The Irish Collection (Retired 1993)

 Here are two communities living their lives in close proximity. They are both Irish, they speak the same language, they eat the same foods, they do the same work and enjoy the same relaxations. They live in a country blessed with stunning natural beauty. They regulate their daily activity to the same hours, days and weeks of the year. They are good people.
Humber Bridge

 Between them runs a river which divides one community from the other. It's basically a small river - little more than a stream most of the time. It has been flowing there for as long as anyone cares to remember; it ebbs and flows, sometimes barely a trickle and at other times a raging torrent that threatens to sweep away all in its path. Across the river is a bridge. It's been there for many years, as long as the communities themselves. Yet it is rarely used.

 Here are two communities living their lives in close proximity - only a span apart.


Arches Thrice
1993 US Event Piece (Retired 1993)

 Being a smallish island, Great Britain is naturally surrounded by water - the North Sea, the English Channel and the Irish Sea. Being a very wet country (it sometimes feels it has rained every day for a month) we have brooks, streams, rivers, ponds and lakes doted about all over the place and one is never far from an expanse of glistening fresh water.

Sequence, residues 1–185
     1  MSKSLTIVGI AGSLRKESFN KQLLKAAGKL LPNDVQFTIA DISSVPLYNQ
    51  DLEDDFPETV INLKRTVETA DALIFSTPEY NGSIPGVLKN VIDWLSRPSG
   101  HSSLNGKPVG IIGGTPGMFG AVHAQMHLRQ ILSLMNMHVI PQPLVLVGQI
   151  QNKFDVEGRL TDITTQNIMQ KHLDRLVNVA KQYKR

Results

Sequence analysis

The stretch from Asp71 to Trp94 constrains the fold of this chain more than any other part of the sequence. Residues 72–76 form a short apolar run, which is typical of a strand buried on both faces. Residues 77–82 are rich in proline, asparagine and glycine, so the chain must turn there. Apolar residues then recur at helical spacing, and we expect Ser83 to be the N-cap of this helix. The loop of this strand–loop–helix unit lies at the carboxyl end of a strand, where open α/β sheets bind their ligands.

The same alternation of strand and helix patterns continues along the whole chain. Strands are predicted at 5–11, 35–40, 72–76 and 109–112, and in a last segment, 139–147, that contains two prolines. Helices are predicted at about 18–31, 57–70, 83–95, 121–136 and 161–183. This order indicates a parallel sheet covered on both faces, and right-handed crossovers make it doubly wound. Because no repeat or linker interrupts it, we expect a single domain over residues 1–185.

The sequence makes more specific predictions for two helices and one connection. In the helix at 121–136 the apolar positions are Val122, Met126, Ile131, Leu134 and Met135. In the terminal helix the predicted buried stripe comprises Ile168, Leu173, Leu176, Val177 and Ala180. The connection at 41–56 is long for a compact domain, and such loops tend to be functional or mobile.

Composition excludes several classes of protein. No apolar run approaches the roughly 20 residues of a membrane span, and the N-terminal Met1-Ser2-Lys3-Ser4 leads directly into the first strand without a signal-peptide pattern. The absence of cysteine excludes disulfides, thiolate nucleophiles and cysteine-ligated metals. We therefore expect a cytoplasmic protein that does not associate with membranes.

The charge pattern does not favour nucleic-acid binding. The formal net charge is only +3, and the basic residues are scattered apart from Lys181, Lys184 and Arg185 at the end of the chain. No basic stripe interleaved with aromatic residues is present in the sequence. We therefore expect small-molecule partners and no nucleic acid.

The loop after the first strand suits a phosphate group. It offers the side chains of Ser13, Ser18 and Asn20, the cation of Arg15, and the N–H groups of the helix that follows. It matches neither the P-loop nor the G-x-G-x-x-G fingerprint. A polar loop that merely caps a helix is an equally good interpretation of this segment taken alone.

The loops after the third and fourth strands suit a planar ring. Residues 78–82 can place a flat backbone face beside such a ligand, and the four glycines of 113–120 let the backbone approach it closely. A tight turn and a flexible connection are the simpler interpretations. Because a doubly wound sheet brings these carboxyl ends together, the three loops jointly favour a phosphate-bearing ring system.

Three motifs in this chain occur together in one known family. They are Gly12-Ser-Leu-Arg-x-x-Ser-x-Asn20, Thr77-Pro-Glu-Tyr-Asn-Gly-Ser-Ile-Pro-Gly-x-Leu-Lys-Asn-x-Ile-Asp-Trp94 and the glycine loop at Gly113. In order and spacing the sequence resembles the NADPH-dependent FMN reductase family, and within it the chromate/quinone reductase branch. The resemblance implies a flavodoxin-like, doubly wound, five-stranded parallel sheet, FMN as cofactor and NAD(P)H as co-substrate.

When thinking about the theme of the 1993 Guild, David came up with the idea of 'rivers and lakes' because it posed splendid opportunities for sculptural forms. It also gave us the chance of inviting collectors to participate in boating events together and to do what they like doing best - meeting other collectors and talking about cottages.
Chenonceau Castle - France

 Originally there was no event piece for the U.S.A. East Coast Tour in 1993, but everybody involved pleaded with David to make a very special cottage to commemorate the tour and also to involve to involve the collectors and stockists who had participated in the 1992 West Coast Tour. All David had to do then was to create from scratch a fabulous sculpture that would be a landmark piece - in just two weeks!

 It was a logical step for this piece to develop the Guild theme of 'rivers and lakes', but it was the most amazing leap of imagination actually to put a series of buildings on top of a bridge. The inspiration came partly from the original London Bridge over the Thames which was a very long bridge housing a small town of about 100 dwellings.

 David enjoyed Arches Thrice very much indeed and will remember it as the David Winter Cottage that came right immediately, almost as if it was meant to be exactly as it is.


Birth Day Cottage (Arches Thwonce)
1993 Painting Promotion Piece (Retired 1994)

Radcot Bridge
 Birth Day Cottage has been sculptured by David Winter to be available exclusively at instore promotions. Each piece is personalised to reflect the collector's birthday. Our painter attaches two small metal signs to the front of the cottage, between two beams in the rickety gabled roof, which show the day and month of the owner's birth. (We have tactfully omitted the year for the sake of those who prefer not to be reminded of such things!) The painter also adds the collector's initials to a special plaque situated next to the front door. This makes every piece a unique, specially customised David Winter Cottage.